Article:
Ed Stasium:  Yeah, especially with the onset of the computer. I do a lot more riding of things, especially the vocal, and doing little different effect changes. It makes life easier in a way, but then it makes life more complicated because you can do so much more. It depends again on what you’re doing. The Living Color records were very complicated.  We had a lot of different effects on the verse, different effects on the vocal, that kind of great stuff. When I mixed Midnight Train To Georgia back  when I first started, we did that on a little 16 input, 16 track in somebody’s basement in New Jersey. The drums were all on one track and you just made sure you got the vocals right.
I remember the tracks were really packed on that song, so I just brought things in gradually. We started off with the piano, added the guitar, added the Hammond. But now, I’m riding every snare drum hit to make sure it cuts through, every little guitar nuance, little cymbal things, and the kick in certain places. I’ll be riding everything.  
“Midnight Train” sounds so clean.
Ed Stasium:  That was a great console; a Langevin. I don’t know whatever happened to it. I don’t know where it came from, but it was in Tony Camillo’s basement studio in New Jersey that we recorded that stuff on. The vocals were done in Detroit.  I’m sure the drums were only on one track or two tracks at most.  The Pips were double tracked. You know, Gladys is right up in the front. We didn’t use many effects on that because we didn’t have any effects. It was a little basement studio and all we had was a live chamber that was the size of a closet that was concrete with a speaker in there and a couple of microphones. That was the reverb on that record.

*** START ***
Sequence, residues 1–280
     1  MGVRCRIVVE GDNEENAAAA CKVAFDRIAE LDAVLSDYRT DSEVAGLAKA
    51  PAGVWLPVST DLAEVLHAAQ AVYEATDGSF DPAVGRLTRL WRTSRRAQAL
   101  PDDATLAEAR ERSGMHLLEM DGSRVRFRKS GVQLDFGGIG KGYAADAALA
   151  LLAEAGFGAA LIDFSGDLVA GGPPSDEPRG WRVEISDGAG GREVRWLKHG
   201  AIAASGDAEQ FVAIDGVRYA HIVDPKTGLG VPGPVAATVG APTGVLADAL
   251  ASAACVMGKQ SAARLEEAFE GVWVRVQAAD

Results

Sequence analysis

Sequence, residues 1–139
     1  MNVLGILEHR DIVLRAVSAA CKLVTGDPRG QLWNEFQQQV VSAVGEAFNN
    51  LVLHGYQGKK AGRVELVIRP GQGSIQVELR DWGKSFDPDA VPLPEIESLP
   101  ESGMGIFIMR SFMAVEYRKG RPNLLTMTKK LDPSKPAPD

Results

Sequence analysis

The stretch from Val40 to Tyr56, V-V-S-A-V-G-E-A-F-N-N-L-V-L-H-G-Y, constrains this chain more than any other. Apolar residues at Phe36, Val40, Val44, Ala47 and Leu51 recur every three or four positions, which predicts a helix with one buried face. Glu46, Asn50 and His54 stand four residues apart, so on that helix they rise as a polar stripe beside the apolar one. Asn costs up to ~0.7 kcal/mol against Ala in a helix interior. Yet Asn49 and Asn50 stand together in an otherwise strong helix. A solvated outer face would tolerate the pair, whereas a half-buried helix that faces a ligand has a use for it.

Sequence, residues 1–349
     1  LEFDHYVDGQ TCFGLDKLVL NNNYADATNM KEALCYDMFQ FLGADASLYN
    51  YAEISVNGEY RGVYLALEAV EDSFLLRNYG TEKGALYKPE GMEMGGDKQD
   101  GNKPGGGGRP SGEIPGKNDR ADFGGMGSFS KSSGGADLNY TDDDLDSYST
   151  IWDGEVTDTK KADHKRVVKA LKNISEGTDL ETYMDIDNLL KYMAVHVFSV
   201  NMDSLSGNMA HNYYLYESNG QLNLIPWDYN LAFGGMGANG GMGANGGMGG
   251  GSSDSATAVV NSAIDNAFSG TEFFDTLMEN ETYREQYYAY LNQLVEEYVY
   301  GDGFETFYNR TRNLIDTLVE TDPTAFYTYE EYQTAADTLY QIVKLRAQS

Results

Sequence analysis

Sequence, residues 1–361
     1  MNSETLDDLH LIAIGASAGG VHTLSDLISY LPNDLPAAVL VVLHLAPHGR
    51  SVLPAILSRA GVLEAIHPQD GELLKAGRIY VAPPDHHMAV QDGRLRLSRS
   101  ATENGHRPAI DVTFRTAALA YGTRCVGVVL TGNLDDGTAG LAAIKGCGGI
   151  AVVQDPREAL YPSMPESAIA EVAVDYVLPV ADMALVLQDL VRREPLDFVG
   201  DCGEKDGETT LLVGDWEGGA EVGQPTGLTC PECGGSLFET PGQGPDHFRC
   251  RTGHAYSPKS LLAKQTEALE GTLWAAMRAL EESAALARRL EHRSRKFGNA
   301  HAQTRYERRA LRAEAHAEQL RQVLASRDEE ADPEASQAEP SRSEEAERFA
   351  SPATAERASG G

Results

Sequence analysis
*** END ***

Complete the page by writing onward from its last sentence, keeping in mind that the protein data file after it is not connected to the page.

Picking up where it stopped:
Here's a bit of Gladys and the Pips singing "Midnight Train" and it's a knockout. The Pips were a lot better than they ever got credit for, and Gladys smokes this TV track.

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Monday, July 5, 2010

A Capitol Fourth

Watching the PBS Capitol Fourth special last night was a real treat in many ways. I especially enjoyed the National Symphony Orchestra, the Marine Drum and Bugle Corp, and the US Army Ceremonial Band because they were living proof that good music transcends genre.

The groove of these bands were just as wide and fat as the best Motown funk, and it was a real pleasure to listen to the extremely tight and in-tune string and horn sections. Anyone who's ever done a session with a weak horn or string section knows the pain involved, so hearing some fabulous players, directors and arrangements really makes you appreciate what you're listening to.

If only the rest of the US government worked as well as their bands and orchestras.

Here's an example of the excellent horns at about :35.

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Sunday, July 4, 2010

"A LIttle Help From My Friends" - Isolated Vocal

Happy holiday to all my American friends. This week we'll analyze more isolated vocal tracks and today we'll start with one of the all-time favorite songs, A Little Help From My Friends by The Beatles off their ground-breaking Sgt. Pepper's Lonely Hearts Club Band album.

Here are a couple of things to listen for during Ringo's isolated vocal:

1) Ringo's vocal track is generally pretty good for someone that's not a great singer, but it's ironic that the one place he's out of key is at the end of the first verse when he sings, "I will try not to sing out of key." He's a little flat on "key."

2) There's a significant amount of leakage in the track. I believe this was before the time they wore headphones for vocal overdubs so you're hearing the playback from the Lockwood speakers. I'll check with Ken Scott about this.

3) The Abbey Road reverb sounds great on both the lead and background vocals. I suspect that there's a separate chamber on each since the verb sounds different.

4) Great background vocals, as usually. Very tight during the song, although not so on the outro/lead-in to the song.

5) There's an interesting accidental word at 1:51 that appears to be on the background track that was left in.